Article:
In my recent work, I have been using the round plate form as a kind of lens, much like that of a telescope or microscope. The concave interior surface of a platter becomes an ideal canvas on which to explore. When firing in wood and vapor kilns, subtle changes in the shape of a piece can influence how flames move over the clay and, consequently, how it is colored and textured. I am excited by the possibilities of combining intentional marks with the serendipitous glaze effects from the fire. By manipulating the two-dimensional surfaces of a three-dimensional form, I hope to create an illusion of depth, be it celestial or cellular, that goes beyond the piece itself.

-Clays and Glazes

I choose to use porcelain and stoneware clay bodies that are enhanced by high temperatures and varied atmospheres. Some of my clays are more difficult to throw and manipulate than typical commercially produced clay bodies due to additions of soda feldspars, such as Nepheline Syenite, or inclusions of coarse materials such as beach sand or rocks. These additions enhance the beauty of the fired clay. I particularly enjoy using naturally occurring clays that I dig from the ground. More often than not, these native clay bodies fire more beautifully than any clay manufactured by industry.

At this point in my career, I enjoy exploring the expansive breadth of glazes available at temperatures of 2300F and higher. The chemistry involved in successfully formulating and testing glazes stimulates the scientific part of my personality. I am particularly interested in drawing inspiration from glazes used in Song Dynasty (960-1279) China (chun, celadon, and tenmoku in particular) and Momoyama period (1573-1615) Japan. (shino and oribe) Although I prefer, for the most part, to fire at high temperatures, I will occasionally fire pottery in the dramatic low fire technique of glazed raku.

-Pottery Production

Almost all of my pottery is thrown on the wheel. I find the process of wedging and throwing clay to be physically exhilarating and spiritually meditative. Though I often reproduce my forms, I do not mass produce any particular object. Each piece is unique, often being altered from the symmetrical shape that came off of the wheel. My pots are inspired by Asian forms from China, Japan, Korea, Thailand, and Vietnam. I like my pots to posses the soft, luscious quality of wet clay even after it is fired to vitrification. Though elegance and refinement are often my goal, I also embrace asymmetry and imperfection.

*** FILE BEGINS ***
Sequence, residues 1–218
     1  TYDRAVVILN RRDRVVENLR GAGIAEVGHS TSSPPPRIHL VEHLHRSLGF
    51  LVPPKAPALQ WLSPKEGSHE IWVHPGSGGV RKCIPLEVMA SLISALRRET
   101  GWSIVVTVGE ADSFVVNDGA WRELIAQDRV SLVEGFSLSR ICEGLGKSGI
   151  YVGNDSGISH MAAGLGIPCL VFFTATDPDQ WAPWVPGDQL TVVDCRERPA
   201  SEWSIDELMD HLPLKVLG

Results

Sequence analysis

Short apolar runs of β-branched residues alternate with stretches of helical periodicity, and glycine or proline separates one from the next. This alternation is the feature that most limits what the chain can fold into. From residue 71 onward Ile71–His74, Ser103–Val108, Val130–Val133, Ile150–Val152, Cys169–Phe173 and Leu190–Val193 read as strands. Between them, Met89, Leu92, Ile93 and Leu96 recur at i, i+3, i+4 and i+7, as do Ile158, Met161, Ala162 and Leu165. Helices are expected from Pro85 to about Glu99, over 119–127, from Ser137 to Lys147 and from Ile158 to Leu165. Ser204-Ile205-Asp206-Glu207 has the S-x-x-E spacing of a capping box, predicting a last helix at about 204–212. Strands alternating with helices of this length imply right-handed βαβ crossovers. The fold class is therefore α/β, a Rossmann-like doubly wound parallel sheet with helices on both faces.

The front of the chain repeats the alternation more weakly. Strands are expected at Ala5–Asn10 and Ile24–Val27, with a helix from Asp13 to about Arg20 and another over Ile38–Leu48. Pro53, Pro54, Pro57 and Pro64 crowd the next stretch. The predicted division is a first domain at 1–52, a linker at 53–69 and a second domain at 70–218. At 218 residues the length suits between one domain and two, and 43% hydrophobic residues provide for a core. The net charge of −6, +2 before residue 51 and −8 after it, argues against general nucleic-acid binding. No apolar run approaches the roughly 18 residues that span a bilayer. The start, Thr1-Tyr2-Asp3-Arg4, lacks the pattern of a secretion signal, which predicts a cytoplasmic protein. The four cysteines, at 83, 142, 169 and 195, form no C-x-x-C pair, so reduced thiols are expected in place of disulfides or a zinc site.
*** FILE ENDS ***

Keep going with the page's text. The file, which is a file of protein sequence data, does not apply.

-Wood Firing

Firing wood kilns is my passion. There is no more challenging or fulfilling experience than creating and managing a 2400 degree (Fahrenheit) inferno over the course of six days with fellow potters who share the pyromania. Though the firing process itself is an art form, the surfaces that result from wood firing are some of the most interesting and beautiful available in the entirety of ceramics. The subtle blushes, intense flashes, natural ash glazes, and crystalline formations are comparable to the chaotic order found in nature. Although I presently fire with other potters in their kilns, I will ultimately build my own small, tatami-brick anagama similar to the kiln that I fired at Kent State University. The roof is made from handmade bricks that are cone-shaped and hang down like stalactites. During the firing, wood ash accumulates on the cones, which eventually turns into glass and drips down onto the pots, creating beautiful halos of glaze.

-Reduction Firing

Although I truly love the wood firing process, it is neither practical nor ecological to fire all of my glazed pottery with wood. Using propane as fuel, I have lengthened the traditional stoneware/porcelain cone 10 (2350F) firing schedule to 16 hours, and maintain a smoky reducing atmosphere from 1550F onward. Such a long firing is often tiresome, but the carbon-trapping effects and crystal growth that I seek are not possible with shorter firing cycles. All of my glazes must be functional, so I make sure that the clay body is fully vitrified and the glaze fits well. I use no toxic chemicals in my glazes.

-Crystalline Glazing

The process of growing crystals on the surface of pottery is quite complex. I start by applying a thick glaze that is saturated with zinc oxide and silica. Each piece is placed on a firing pedestal that has been precisely made to fit the base of the pot. The work is fired to cone 10 (2350F) in a computer controlled electric kiln, at which point the glaze becomes molten glass. I program the kiln to hold the temperature at 2100F for 4-8 hours; this is the critical crystal growing phase. While the glaze is flowing down the surface of the pot, the zinc oxide crystallizes within the matrix of the glass. The excess glaze is collected in the firing pedestal. After the firing, the pots are carefully removed from their pedestals with a hammer and chisel. The pedestal is discarded and the base of the pot is ground on a lapidary stone. While this process is labor intensive, the beautiful crystals merit the effort.